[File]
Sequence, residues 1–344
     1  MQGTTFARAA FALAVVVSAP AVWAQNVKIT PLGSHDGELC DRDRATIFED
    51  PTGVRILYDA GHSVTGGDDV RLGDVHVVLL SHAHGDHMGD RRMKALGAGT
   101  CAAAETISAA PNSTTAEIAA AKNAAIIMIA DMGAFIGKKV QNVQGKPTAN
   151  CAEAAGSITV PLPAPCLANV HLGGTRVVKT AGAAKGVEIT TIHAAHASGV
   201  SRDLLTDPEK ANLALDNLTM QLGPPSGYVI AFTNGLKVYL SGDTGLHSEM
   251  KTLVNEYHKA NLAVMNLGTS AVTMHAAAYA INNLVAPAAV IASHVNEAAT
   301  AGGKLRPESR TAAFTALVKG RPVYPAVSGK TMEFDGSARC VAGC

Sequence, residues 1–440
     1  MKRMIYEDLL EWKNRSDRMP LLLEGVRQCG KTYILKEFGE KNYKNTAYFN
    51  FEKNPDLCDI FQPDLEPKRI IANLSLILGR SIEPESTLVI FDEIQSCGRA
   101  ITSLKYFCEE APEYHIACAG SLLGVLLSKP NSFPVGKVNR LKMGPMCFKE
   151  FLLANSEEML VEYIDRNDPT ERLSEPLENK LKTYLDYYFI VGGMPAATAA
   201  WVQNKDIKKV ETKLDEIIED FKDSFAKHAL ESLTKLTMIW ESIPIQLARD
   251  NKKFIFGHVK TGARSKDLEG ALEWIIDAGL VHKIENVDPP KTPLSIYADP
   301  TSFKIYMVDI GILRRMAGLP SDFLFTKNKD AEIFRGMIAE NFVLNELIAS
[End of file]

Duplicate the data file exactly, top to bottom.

Sequence, residues 1–344
     1  MQGTTFARAA FALAVVVSAP AVWAQNVKIT PLGSHDGELC DRDRATIFED
    51  PTGVRILYDA GHSVTGGDDV RLGDVHVVLL SHAHGDHMGD RRMKALGAGT
   101  CAAAETISAA PNSTTAEIAA AKNAAIIMIA DMGAFIGKKV QNVQGKPTAN
   151  CAEAAGSITV PLPAPCLANV HLGGTRVVKT AGAAKGVEIT TIHAAHASGV
   201  SRDLLTDPEK ANLALDNLTM QLGPPSGYVI AFTNGLKVYL SGDTGLHSEM
   251  KTLVNEYHKA NLAVMNLGTS AVTMHAAAYA INNLVAPAAV IASHVNEAAT
   301  AGGKLRPESR TAAFTALVKG RPVYPAVSGK TMEFDGSARC VAGC

Sequence, residues 1–440
     1  MKRMIYEDLL EWKNRSDRMP LLLEGVRQCG KTYILKEFGE KNYKNTAYFN
    51  FEKNPDLCDI FQPDLEPKRI IANLSLILGR SIEPESTLVI FDEIQSCGRA
   101  ITSLKYFCEE APEYHIACAG SLLGVLLSKP NSFPVGKVNR LKMGPMCFKE
   151  FLLANSEEML VEYIDRNDPT ERLSEPLENK LKTYLDYYFI VGGMPAATAA
   201  WVQNKDIKKV ETKLDEIIED FKDSFAKHAL ESLTKLTMIW ESIPIQLARD
   251  NKKFIFGHVK TGARSKDLEG ALEWIIDAGL VHKIENVDPP KTPLSIYADP
   301  TSFKIYMVDI GILRRMAGLP SDFLFTKNKD AEIFRGMIAE NFVLNELIAS